Since entering the workforce, I have done my best to become intimately familiar with 401ks. I have the advantage of having access to one of the best, the TSP. Not only does this government employee savings vehicle have super low fees, it’s also the subject of a huge number of articles and Bogleheads postings. Most of my questions are just a quick Google search away. It’s a personal finance junkie’s dream.
There are lots of 401ks (and similar savings vehicles) out there, so I’m not going to go into too much depth with those. Some are certainly way better than others, and I wouldn’t be happy being stuck with a dumb one. Many have written about what to do in this situation. Contribute nothing, contribute just enough to get the full employer match, contribute the limit but move your money later. There are many options, none of them ideal.
But I want to go even farther down the ladder of disenfranchisement. Many Americans do not have access to any of these plans. If you’re not self-employed but your boss offers nothing, you’re pretty much out of luck.
Non-working spouses also get the short end of the stick. A married couple where one person (with a 401k) makes $50000 and the other $0 might be allowed to save a max of $29000 in tax-advantaged accounts. If each partner had a 401k and made $25000 they’d be allowed to save $47000 in tax-advantaged accounts, nearly their entire combined incomes! And heaven forbid that one-earner couple doesn’t have access to a 401k. That bumps their amount they can save down to just $11000 in tax-advantaged accounts.
This is a gender equality issue because women are still more likely to be the non-working partner in a relationship. And in many cases, the partner without access to a 401k is the one who can get ripped off by these policies. Different 401ks have different policies regarding spousal consent. While writing this article, I learned that the (government) TSP has two opposite policies for its two classes of retirees. One class needs spousal consent to take an early distribution or loan. For the other class, the owner of the 401k essentially has complete control.
There are a few different proposals to address this.
1) Expand Social Security: Debate the whys and wherefores all day, but overall, 401ks aren’t working so well. Maybe the best alternative would be to expand a program that already does a lot more than these weird little accounts.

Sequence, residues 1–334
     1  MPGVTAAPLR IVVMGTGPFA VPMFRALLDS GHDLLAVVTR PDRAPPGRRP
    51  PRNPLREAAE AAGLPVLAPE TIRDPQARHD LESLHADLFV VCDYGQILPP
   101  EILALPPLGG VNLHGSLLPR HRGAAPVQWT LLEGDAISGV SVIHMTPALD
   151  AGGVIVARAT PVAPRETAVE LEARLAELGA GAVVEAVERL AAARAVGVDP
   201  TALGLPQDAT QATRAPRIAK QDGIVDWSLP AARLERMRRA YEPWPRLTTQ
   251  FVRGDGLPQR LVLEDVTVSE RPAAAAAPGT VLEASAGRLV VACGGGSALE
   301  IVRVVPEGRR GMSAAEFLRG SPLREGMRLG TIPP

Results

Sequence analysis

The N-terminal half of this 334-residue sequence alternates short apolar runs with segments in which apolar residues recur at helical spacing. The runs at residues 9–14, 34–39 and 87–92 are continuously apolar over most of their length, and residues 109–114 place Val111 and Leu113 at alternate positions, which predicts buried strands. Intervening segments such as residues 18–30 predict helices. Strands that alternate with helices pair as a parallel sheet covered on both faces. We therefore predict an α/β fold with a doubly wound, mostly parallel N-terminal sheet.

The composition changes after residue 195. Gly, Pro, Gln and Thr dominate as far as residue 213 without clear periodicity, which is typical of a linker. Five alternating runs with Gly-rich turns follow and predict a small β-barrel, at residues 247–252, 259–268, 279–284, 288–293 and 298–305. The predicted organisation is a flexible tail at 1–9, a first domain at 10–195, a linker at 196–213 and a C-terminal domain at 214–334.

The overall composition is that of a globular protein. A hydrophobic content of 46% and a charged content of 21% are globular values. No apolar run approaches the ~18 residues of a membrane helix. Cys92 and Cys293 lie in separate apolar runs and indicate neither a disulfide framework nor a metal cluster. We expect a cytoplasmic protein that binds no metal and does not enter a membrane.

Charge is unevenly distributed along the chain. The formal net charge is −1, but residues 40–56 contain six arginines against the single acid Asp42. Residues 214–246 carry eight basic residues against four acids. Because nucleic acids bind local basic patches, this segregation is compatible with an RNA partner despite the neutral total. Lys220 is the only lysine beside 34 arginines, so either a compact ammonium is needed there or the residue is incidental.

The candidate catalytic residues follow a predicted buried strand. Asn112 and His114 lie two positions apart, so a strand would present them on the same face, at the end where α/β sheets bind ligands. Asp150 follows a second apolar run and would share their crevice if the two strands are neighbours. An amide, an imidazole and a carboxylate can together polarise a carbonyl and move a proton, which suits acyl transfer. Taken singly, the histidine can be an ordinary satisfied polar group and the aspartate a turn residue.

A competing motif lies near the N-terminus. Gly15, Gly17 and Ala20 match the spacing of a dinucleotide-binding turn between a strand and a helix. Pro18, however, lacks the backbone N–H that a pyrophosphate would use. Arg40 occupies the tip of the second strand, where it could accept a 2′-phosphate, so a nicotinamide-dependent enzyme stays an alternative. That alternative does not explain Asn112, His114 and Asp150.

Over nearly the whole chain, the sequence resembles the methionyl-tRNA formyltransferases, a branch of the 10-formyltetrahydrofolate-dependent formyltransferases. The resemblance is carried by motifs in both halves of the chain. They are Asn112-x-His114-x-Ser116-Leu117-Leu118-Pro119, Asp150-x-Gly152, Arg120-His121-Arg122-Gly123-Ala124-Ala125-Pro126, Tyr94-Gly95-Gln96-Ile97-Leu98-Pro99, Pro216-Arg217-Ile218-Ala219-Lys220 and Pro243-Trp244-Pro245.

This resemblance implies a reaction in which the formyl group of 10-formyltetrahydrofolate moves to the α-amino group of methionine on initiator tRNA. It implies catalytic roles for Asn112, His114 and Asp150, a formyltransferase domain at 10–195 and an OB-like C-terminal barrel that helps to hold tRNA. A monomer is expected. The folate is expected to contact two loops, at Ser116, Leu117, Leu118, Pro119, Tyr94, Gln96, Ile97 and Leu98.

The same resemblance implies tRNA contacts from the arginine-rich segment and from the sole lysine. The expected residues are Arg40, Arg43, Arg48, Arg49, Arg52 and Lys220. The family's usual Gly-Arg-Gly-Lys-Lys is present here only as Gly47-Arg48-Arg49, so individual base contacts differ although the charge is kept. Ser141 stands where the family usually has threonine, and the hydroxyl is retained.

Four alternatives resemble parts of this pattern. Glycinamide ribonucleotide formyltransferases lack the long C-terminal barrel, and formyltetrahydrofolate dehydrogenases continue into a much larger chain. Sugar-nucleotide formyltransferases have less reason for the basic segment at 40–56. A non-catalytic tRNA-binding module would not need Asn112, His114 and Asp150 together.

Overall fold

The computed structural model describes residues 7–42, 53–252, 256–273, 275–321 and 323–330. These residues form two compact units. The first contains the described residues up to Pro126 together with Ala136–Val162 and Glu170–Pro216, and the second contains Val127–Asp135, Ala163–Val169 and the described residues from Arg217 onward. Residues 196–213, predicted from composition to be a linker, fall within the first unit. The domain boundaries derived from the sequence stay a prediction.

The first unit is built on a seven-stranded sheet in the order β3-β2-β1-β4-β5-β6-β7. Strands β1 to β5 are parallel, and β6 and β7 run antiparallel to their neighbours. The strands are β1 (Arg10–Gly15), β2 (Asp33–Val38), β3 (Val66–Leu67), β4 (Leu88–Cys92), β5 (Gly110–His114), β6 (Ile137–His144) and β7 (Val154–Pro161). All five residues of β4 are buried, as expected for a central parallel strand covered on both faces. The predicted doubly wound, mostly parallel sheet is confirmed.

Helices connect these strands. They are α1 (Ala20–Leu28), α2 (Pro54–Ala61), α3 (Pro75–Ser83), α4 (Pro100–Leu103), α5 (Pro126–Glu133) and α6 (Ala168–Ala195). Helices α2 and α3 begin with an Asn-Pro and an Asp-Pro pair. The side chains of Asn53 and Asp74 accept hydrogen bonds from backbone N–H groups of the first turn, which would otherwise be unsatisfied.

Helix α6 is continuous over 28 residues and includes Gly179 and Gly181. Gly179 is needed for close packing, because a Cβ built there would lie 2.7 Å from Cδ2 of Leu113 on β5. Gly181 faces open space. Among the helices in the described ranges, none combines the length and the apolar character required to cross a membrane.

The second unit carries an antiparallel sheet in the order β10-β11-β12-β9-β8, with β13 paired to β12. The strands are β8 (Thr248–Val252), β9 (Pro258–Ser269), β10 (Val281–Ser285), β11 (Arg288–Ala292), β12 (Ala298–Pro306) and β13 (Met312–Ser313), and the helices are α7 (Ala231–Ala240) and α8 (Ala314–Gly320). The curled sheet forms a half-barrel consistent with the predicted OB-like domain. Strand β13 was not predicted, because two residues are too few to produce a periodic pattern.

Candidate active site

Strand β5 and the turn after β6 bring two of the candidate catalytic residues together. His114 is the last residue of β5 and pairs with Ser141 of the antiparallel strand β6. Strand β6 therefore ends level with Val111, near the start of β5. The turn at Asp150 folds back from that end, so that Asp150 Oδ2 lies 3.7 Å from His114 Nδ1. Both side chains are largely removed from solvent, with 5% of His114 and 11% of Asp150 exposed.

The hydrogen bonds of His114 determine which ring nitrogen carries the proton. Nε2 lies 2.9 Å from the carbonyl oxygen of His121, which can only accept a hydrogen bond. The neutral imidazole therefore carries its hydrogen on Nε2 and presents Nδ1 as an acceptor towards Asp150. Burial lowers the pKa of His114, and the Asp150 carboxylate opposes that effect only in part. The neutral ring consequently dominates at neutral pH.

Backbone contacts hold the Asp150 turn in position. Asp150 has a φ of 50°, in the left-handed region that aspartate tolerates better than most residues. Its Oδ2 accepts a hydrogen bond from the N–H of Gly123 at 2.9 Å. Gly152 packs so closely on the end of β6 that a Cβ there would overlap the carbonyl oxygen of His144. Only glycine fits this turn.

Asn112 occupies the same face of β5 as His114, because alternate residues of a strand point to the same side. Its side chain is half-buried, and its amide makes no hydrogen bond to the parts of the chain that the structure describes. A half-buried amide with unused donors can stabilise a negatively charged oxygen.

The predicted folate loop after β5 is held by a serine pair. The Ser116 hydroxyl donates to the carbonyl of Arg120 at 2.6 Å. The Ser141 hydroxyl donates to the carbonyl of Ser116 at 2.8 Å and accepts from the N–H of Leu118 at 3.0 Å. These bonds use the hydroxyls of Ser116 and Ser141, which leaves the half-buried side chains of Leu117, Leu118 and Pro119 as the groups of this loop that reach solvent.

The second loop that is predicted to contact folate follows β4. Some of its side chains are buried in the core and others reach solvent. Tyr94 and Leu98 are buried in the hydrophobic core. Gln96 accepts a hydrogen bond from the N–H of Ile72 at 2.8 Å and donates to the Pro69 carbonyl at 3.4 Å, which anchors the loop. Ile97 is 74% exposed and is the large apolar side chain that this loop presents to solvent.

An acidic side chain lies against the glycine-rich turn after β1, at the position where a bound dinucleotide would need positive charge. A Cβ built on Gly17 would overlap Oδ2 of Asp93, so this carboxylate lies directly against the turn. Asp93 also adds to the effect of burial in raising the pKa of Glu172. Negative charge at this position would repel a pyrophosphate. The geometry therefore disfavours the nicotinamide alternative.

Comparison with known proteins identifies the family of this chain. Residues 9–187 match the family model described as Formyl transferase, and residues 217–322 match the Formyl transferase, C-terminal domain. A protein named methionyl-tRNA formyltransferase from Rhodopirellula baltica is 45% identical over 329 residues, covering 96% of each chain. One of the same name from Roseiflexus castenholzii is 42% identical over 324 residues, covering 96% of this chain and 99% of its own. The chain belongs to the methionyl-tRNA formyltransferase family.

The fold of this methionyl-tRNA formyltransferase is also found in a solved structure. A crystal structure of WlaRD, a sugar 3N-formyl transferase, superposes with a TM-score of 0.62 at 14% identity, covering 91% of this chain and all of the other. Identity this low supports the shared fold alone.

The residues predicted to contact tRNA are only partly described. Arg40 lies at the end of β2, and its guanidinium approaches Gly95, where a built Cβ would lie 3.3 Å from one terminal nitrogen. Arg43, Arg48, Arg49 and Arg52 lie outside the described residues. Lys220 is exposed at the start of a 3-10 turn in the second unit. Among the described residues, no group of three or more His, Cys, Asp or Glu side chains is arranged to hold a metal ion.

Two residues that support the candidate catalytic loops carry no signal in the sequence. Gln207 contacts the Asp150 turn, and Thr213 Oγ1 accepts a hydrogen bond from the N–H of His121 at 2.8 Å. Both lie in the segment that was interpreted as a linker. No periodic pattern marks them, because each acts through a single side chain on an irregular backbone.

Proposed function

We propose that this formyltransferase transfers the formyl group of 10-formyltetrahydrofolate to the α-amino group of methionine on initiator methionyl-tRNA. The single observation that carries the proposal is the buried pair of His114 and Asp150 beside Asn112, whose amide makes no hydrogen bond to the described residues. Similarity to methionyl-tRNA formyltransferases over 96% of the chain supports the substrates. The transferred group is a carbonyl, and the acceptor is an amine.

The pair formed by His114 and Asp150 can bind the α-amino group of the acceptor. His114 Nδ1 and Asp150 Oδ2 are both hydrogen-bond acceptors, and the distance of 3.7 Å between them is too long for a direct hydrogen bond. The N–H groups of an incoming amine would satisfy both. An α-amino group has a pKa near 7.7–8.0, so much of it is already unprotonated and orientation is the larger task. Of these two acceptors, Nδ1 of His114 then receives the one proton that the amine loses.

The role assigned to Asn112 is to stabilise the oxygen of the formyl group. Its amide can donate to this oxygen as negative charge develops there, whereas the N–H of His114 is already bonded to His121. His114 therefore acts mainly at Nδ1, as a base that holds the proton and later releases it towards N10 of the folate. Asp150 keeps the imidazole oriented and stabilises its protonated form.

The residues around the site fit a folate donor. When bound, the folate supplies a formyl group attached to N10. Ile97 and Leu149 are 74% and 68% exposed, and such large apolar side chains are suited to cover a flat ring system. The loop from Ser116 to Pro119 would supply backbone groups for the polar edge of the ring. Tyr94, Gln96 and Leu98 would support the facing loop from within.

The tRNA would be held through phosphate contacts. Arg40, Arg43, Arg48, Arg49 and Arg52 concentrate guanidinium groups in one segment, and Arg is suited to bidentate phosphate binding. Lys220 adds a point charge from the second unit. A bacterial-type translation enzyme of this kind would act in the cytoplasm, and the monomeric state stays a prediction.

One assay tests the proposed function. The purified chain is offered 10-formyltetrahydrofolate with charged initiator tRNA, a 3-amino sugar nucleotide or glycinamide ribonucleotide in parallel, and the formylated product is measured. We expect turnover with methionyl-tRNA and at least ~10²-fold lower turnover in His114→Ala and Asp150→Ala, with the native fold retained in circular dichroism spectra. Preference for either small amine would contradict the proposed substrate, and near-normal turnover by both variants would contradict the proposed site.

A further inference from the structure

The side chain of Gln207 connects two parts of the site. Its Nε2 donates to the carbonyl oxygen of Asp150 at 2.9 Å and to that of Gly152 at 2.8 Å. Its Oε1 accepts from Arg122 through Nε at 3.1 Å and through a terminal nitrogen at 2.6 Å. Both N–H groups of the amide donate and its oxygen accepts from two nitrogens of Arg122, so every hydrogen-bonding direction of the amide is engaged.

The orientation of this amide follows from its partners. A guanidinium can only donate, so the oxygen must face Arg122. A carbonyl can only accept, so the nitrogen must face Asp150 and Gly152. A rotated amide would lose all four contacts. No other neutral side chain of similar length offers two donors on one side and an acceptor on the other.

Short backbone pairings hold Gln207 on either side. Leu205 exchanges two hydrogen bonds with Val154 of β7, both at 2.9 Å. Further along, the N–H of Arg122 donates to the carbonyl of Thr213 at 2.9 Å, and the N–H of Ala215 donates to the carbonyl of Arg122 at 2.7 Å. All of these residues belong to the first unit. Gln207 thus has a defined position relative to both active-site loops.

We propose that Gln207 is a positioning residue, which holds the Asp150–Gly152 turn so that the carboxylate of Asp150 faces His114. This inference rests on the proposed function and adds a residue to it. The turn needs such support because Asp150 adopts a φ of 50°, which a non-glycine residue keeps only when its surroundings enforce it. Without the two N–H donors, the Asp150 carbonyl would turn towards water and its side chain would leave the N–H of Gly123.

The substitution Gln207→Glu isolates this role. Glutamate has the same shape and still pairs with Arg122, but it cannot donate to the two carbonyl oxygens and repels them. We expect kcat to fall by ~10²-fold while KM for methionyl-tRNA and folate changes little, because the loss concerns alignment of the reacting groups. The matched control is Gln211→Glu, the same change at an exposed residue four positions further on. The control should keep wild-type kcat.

2) Government 401ks: When it comes to Social Security, hatas gonna hate. Some propose turning Social Security itself into a more 401kish entity, but I don’t think this is wise. President Obama has proposed a “MyRA” system, which is better than nothing, but way tinier than a good employee 401k. It’s pretty similar to Roths, but great for folks who have a hard time getting the financial system interested in the small amounts that they are able to invest.
3) Private 401ks: Private companies like Vanguard and Fidelity make it pretty dang easy to set up an IRA for yourself. Why is it that you can set up a Roth IRA in a matter of minutes, which you can fund with $$ you get from your employer, but you can’t set up a 401k for yourself in a similar fashion (unless you’re self-employed)?
Now, I’m sure there are actual answers to this, but none of them would really satisfy me. I think this would also be a good political compromise. You can sell it as individuals boosting the economy by putting their money in the stock market through private companies. Doesn’t seem like it should be terribly controversial. Then again, I say that about a lot of things.
So, this system ain’t perfect. But here are a few options.
1) Use the tax-advantaged savings strategies that are available to you. Don’t put off saving for retirement until the day you have a sweet 401k with low fees and a high match. Do what you can now.
2) Sometimes taxable accounts might make sense. These will be especially attractive if your tax-advantaged savings are limited. Heck, even relatively wimpy savings methods (cash under mattress, savings account, piggy bank) beat the heck out of spending all your money.
3) Think of savings methods that your employer provides as an important part of compensation. Ask questions before you’re hired. And if your employer doesn’t offer anything good, complain.
We can also take our complaints higher. Whatever your opinion on 401ks, be sure to share it with your elected officials.